Woody and sweet on the nose, with lots of vanilla-laden oak and apple. Some peppery vegetal notes like arugula and watercress are at the fore – lots in fact – with lots of caramel, wood, and marmelade. Some nice medicinal notes too, and lots of spices - even some fenugreek. At the core, though, there are three main elements which strive with one another on this nose: wood, rye, and sweet caramel or wood sugar. The palate is quite sweet, with very sharp rye both in terms of spice and in terms of vegetal notes – but it is lightly bitter with all that oak. Creamy wood notes come in mid-palate to smooth out the sharpness of the rye. It finishes nicely with strong oak, dark cacao, arugula, spinach, and dill pickle. Quite sweet, once again, with all of that oak.

This follows the recent trend of very highly oaked whiskies. If you like lots and lots of oak, here is your whisky, otherwise I think a lot of the complex distillate is masked with the all-consuming oak. Though rye is big enough to stand up to quite a bit of oak, this is slightly over the edge and brings in too much bitterness and sharpness for good balance. Still, though, very enjoyable.

Recommended (81% of whiskies I’ve reviewed to date get this recommendation or higher).

Value: Low. Pretty steep stuff (~250$ CAD).


Review: Amrut Spectrum Indian Single Malt Whisky by Jason Hambrey

ABV
50%
Aging
3 yrs ex-bourbon; 3.5 years in hybrid cask (described below)
Recipe
100% Malted Barley
Distiller Amrut (Bangalore, India)

This whisky, it would seem, was a really wild late night idea. The whisky is a limited release of 1000 bottles, and is made from a single malt that was first matured in ex-bourbon barrels for 3 years before being further matured for 3.5 years in a barrel consisting of a hybrid barrel made from 5 different types of wood - new American oak, new Spanish oak, new French oak, ex-Pedro Ximinez sherry and ex-oloroso sherry. Not really a "finish", more of a maturation as it was quite a long period - hence, we expect lots of wood(s) influence here.

Thanks to Eric at Whisky Analysis for the sample.


Review (2016)

  • Batch: N/A

  • Bottling Code: N/A

  • Bottling Date: 2015

A gorgeous nose that you don’t have to work hard for. The complexity of the charred oak, dried fruit, maple, rancio from the sherry, creamy light bourbon notes alongside light vegetal notes, bean sprouts, celery seed, caramel truffles, and some rich grape notes that remind me of moderately aged Armagnac. Some nice spices, as Amrut seems to produce – that I don’t find elsewhere often – toasted citrusy ones like cumin and coriander. Caraway, too. The nose, also, smells lightly tart. Very complex, and layered with all of the oak and the finishing – not, however, very grain driven.

The palate, indeed, is a bit sour, and our malt finally takes hold. On top, rich rum cake, candied fruits, currants, prunes, figs – and underneath some beautiful rancio and clove. The finish is very full of sherry, brown sugar, molasses, and toffee. There is some fruit hidden in behind it all – pear and dried mango. Though it’s a very nice whisky, my question is - where’s the middle? All of the rich rummy and toffee notes on top, the dried fruit, nutty, and spicy finish – but the middle is a bit blank except for a bit of fruit that I need to go looking for. So, incredible complexity, but not intricate movement of the best of the best. But don't get me wrong – this is still terrific.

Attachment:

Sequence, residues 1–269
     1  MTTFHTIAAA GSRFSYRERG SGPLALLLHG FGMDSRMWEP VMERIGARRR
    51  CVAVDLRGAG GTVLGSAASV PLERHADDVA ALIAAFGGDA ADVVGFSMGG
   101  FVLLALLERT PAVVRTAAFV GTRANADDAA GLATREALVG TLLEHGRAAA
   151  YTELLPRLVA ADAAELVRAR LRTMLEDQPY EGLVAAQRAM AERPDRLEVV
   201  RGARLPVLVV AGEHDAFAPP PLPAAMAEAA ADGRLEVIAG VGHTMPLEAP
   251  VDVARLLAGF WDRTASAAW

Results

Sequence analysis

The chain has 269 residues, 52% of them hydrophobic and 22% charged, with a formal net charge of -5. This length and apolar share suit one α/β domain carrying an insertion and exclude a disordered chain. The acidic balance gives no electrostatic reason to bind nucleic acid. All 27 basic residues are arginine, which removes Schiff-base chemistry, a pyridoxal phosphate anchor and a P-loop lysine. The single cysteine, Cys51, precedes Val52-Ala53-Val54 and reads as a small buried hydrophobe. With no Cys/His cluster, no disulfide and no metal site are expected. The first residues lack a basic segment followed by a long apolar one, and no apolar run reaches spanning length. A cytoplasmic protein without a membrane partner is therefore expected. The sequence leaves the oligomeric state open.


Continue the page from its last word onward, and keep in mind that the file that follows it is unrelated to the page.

Highly Recommended (48% of all whiskies I’ve reviewed to date get this recommendation or higher).

Value: Low. $250 is a pretty hefty price tag for me!


Review: Wiser's Red Letter Canadian Whisky by Jason Hambrey

ABV
45%
Aging
10 Years; Virgin Oak Finish
Recipe
N/A
Distiller Hiram Walker (Windsor, Ontario)

This whisky, at least in terms of name, is a very old release – Wiser’s “Red Letter Rye” was a highly regarded whisky first produced in 1857 when Canadian whisky was often known for their quality relative to the other whisky or spirit producers at the time. This particular bottling pays tribute to that whisky (and its recipe). A similar Wiser’s Red Letter was released as a 150th anniversary of Wiser’s in 2007 – though I did not try that one, I have heard that this one is similar in profile.

This whisky is aged 10 years in American bourbon barrels and is then further “mellowed” in virgin oak casks. I say “mellowed” since virgin oak casks have capacity to impart some pretty strong flavour – but the whisky likely did not spend (relatively) long in those casks. It is bottled at 45% ABV, rather than the typical 40% found in almost all Canadian whisky. Additionally, it is non-chill filtered – both a process that isn’t often stated on a Canadian label and a practice not that common within Canadian whisky. In fact this is the only non-chill filtered Canadian whisky at the present time as far as I know (I’m not sure what the craft distillers are up to!). This should give better weight and texture to the whisky as the oils and fatty components in the spirit are not filtered out to increase clarity.


Review (2013)

  • Batch: 2013 Release

  • Bottling Code: N/A

  • Bottling Date: 2013